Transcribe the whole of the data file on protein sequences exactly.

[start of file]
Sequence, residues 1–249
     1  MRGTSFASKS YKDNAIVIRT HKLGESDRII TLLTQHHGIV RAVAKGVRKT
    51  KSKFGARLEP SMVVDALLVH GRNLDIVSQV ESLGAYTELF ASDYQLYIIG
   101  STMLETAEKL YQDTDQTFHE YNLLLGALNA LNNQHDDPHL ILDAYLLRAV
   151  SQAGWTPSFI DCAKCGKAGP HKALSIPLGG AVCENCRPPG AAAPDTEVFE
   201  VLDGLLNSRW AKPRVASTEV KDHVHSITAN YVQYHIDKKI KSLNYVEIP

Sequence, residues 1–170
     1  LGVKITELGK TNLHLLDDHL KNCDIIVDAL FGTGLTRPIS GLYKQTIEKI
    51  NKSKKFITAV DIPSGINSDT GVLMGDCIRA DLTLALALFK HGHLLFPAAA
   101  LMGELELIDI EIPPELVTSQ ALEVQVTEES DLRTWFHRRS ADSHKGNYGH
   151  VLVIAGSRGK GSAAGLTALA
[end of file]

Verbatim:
Sequence, residues 1–249
     1  MRGTSFASKS YKDNAIVIRT HKLGESDRII TLLTQHHGIV RAVAKGVRKT
    51  KSKFGARLEP SMVVDALLVH GRNLDIVSQV ESLGAYTELF ASDYQLYIIG
   101  STMLETAEKL YQDTDQTFHE YNLLLGALNA LNNQHDDPHL ILDAYLLRAV
   151  SQAGWTPSFI DCAKCGKAGP HKALSIPLGG AVCENCRPPG AAAPDTEVFE
   201  VLDGLLNSRW AKPRVASTEV KDHVHSITAN YVQYHIDKKI KSLNYVEIP

Sequence, residues 1–170
     1  LGVKITELGK TNLHLLDDHL KNCDIIVDAL FGTGLTRPIS GLYKQTIEKI
    51  NKSKKFITAV DIPSGINSDT GVLMGDCIRA DLTLALALFK HGHLLFPAAA
   101  LMGELELIDI EIPPELVTSQ ALEVQVTEES DLRTWFHRRS ADSHKGNYGH
   151  VLVIAGSRGK GSAAGLTALA